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Not with a bang but a whimper

Written By: - Date published: 6:11 am, September 23rd, 2008 - 38 comments
Categories: election funding, nz first - Tags:

The Privileges Committee has reported back. Peters is censured for not declaring that he had made a pecuniary gain from his lawyer taking donations for Peters’ legal fund. A minority of the Committee, the Labour and NZF MPs, disagreed with this censure pointing out that the evidence given to the Committee was that, had Peters sought official advice on whether to he needed to declare the donation to the fund, he would have been told he did not. The report also recommended that Parliament  force Peters to re-submit his declarations of pecuniary interest for the last three years. The majority report finds Peters committed a contempt of Parliament. The House will consider the report today.

So, the committee found what everyone knew: Peters story doesn’t add up. But it also shows that this story isn’t really about anything significant. Oh, no, a politician didn’t make the efforts he should have to find out what benefit he may have gained from a legal donation, his form was wrong as a result, and he made up a story to try to cover himself. Shoddy behaviour to be sure but nothing that actually impacts on the substance of government.

Can we get on to discussing how to raise wages, whether we should break up ACC, and how to protect our environment now? Hide will miss the attention, but I suspect Kiwis will welcome coverage of issues that affect their lives instead of the latest gossip about who knew what when regarding some legal donations.

38 comments on “Not with a bang but a whimper ”

  1. NeillR 1

    “i don’t care who uncovered the lie, i care about the lie”
    Apt words indeed. Surely a $40k donation to the Minister of Racing goes to the heart of the “substance of government”?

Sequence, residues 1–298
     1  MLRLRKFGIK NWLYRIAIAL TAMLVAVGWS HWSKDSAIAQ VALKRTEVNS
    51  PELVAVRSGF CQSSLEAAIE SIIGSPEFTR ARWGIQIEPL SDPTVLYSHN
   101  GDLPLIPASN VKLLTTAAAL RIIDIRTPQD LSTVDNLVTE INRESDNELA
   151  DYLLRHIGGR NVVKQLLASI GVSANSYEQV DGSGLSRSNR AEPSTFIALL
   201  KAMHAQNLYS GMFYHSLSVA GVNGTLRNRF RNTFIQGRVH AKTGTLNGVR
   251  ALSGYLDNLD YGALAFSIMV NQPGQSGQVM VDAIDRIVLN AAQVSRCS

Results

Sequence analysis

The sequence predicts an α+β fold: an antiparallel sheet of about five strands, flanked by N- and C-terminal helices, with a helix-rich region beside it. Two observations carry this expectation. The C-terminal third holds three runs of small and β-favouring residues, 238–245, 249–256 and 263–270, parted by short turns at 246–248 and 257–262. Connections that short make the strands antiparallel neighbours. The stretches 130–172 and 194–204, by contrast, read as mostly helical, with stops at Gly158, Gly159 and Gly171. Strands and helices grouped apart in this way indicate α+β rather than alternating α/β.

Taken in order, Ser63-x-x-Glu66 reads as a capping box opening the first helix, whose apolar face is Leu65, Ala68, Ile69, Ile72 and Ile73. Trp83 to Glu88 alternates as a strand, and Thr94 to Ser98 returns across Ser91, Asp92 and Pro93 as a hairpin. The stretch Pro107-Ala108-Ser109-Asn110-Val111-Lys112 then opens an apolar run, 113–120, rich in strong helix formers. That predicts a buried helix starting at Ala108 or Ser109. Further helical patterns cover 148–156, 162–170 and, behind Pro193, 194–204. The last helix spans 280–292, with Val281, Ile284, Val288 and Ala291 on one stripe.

2. Razorlight 2

    I 100% agree with you SP.

    Time to move on from Winston and yesterday’s news about Key’s shareholding 5 years ago.

    This election is about the future. Lets talk about it.

  3. No Steve, the Privileges Committee found, by majority, that Winston Peters KNOWINGLY provided false or misleading information. That is several steps further down the track than what you are suggesting.

    I seldom commend the Greens, but on this occasion, they have shown a principled approach to the matter before the PC, as have the MP and UF. On the other hand, if anyone prejudged the evidence, it was Labour First.

  4. Stephen 4

    Shoddy behaviour to be sure but nothing that actually impacts on the substance of government.

    Bollocks! You’re happy with a guy like that being part of the Government?!

  5. Monty 5

    Sorry Guys you are wrong. Winston Peters has been found by his peers to have lied and mis-led Parliament. More importantly hehas enjoyed the protection of Helen Clark for his lies, deceit and corruption who has know since February that he received $100,000 (plus more money)

    I totally agree with IV2. Do not forget that the Greenies, Prissy Peter and and the Maori Party have all found Winnie guilty of Lies and corruption.

    Never before has a senior Minister so misled Parliament, and then to make matters worse the Prime Minister has protected him all the way (and she will continue to protect him – WHY????????)

  6. Razorlight 6

    Although one hour ago I said it was time to move on, (I think there are more important issues) I have just noticed the most popular stories on the herald web site. Have a look if you like. Two of the top five are Winston stories

    It appears everyone logging on to read their morning news is in fact quite interested in this story. But Michaels release of the netron bomb is not gaining much attention.